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Title: Review of Transportation Hydrogen Infrastructure Performance and Reliability

Abstract

Hydrogen infrastructure for fueling vehicles has progressed in the last decade from stations with restricted access and limited operating hours to customer-friendly retail stations open to the public. There are now 121 retail hydrogen stations around the world. In California, the number of public retail hydrogen stations has increased from zero to more than 30 in less than two years, and the annual amount of hydrogen dispensed by retail stations has grown from 27,400 kg in 2015 to nearly 105,000 kg in 2016 and more than 440,000 kg in 2017 - an increase of about four times year over year. For more than a decade, government, industry, and academia have studied many aspects of hydrogen infrastructure, from renewable hydrogen production to retail hydrogen station performance. This paper reviews the engineering and deployment of modern hydrogen infrastructure, including the costs, benefits, and operational considerations (including safety, reliability, availability), as well as challenges to the scale-up of hydrogen infrastructure. The results identify hydrogen station reliability as a key factor in the expense of operating hydrogen systems, placing it in the context of the larger reliability engineering field.

Authors:
ORCiD logo [1];  [2];  [3]
  1. National Renewable Energy Lab. (NREL), Golden, CO (United States)
  2. National Renewable Energy Laboratory (NREL), Golden, CO (United States)
  3. Colorado State Univ., Fort Collins, CO (United States)
Publication Date:
Research Org.:
National Renewable Energy Lab. (NREL), Golden, CO (United States)
Sponsoring Org.:
USDOE Office of Energy Efficiency and Renewable Energy (EERE), Fuel Cell Technologies Office (EE-3F)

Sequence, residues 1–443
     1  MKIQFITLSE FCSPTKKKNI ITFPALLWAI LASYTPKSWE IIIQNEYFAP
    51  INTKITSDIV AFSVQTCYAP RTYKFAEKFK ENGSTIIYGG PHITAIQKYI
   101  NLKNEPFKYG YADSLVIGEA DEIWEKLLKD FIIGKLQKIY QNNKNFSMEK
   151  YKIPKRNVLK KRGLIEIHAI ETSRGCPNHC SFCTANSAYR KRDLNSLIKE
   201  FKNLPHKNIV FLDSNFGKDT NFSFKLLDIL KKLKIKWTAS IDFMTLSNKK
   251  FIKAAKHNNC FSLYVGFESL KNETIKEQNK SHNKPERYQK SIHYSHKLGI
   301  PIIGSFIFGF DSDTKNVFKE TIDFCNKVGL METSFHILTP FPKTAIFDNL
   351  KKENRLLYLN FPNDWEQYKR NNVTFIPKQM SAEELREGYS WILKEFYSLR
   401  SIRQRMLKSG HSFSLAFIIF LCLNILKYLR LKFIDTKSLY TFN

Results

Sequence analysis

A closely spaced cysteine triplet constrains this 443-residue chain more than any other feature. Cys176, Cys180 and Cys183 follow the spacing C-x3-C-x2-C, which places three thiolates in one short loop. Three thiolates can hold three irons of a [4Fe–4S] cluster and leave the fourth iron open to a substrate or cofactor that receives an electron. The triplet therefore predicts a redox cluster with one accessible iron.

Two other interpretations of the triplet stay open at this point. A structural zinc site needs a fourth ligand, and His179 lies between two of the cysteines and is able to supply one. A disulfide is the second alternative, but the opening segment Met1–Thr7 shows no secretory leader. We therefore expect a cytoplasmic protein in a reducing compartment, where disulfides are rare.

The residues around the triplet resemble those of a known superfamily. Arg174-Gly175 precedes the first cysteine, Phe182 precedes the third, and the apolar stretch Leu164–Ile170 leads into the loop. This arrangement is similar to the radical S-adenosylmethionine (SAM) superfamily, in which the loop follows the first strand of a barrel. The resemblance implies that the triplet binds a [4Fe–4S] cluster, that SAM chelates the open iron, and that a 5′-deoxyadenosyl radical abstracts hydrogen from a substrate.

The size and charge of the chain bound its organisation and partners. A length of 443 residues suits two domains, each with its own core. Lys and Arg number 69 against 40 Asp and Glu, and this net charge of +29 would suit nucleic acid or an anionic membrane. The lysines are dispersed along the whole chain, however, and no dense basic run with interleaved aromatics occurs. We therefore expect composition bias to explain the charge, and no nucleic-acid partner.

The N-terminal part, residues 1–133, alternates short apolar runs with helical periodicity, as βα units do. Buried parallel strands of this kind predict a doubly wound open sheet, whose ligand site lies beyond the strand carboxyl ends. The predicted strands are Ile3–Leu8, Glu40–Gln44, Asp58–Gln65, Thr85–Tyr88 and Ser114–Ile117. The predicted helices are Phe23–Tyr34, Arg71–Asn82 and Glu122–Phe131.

OSTI Identifier:
1506613
Report Number(s):
NREL/JA-5400-70385
Journal ID: ISSN 0360-3199
Grant/Contract Number:  
AC36-08GO28308
Resource Type:
Accepted Manuscript
Journal Name:
International Journal of Hydrogen Energy
Additional Journal Information:
Journal Name: International Journal of Hydrogen Energy; Journal ID: ISSN 0360-3199
Publisher:
Elsevier
Country of Publication:
United States
Language:
English
Subject:
08 HYDROGEN; hydrogen; station; operation; reliability; prognostics

Citation Formats

Kurtz, Jennifer M, Sprik, Samuel, and Bradley, Thomas H. Review of Transportation Hydrogen Infrastructure Performance and Reliability. United States: N. p., 2019. Web. doi:10.1016/j.ijhydene.2019.03.027.
Kurtz, Jennifer M, Sprik, Samuel, & Bradley, Thomas H. Review of Transportation Hydrogen Infrastructure Performance and Reliability. United States. doi:10.1016/j.ijhydene.2019.03.027.
Kurtz, Jennifer M, Sprik, Samuel, and Bradley, Thomas H. Sat . "Review of Transportation Hydrogen Infrastructure Performance and Reliability". United States. doi:10.1016/j.ijhydene.2019.03.027.
@article{osti_1506613,
title = {Review of Transportation Hydrogen Infrastructure Performance and Reliability},
author = {Kurtz, Jennifer M and Sprik, Samuel and Bradley, Thomas H.},
abstractNote = {Hydrogen infrastructure for fueling vehicles has progressed in the last decade from stations with restricted access and limited operating hours to customer-friendly retail stations open to the public. There are now 121 retail hydrogen stations around the world. In California, the number of public retail hydrogen stations has increased from zero to more than 30 in less than two years, and the annual amount of hydrogen dispensed by retail stations has grown from 27,400 kg in 2015 to nearly 105,000 kg in 2016 and more than 440,000 kg in 2017 - an increase of about four times year over year. For more than a decade, government, industry, and academia have studied many aspects of hydrogen infrastructure, from renewable hydrogen production to retail hydrogen station performance. This paper reviews the engineering and deployment of modern hydrogen infrastructure, including the costs, benefits, and operational considerations (including safety, reliability, availability), as well as challenges to the scale-up of hydrogen infrastructure. The results identify hydrogen station reliability as a key factor in the expense of operating hydrogen systems, placing it in the context of the larger reliability engineering field.},
doi = {10.1016/j.ijhydene.2019.03.027},
journal = {International Journal of Hydrogen Energy},
number = ,
volume = ,
place = {United States},
year = {2019},
month = {3}
}

Journal Article:
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This content will become publicly available on March 30, 2020
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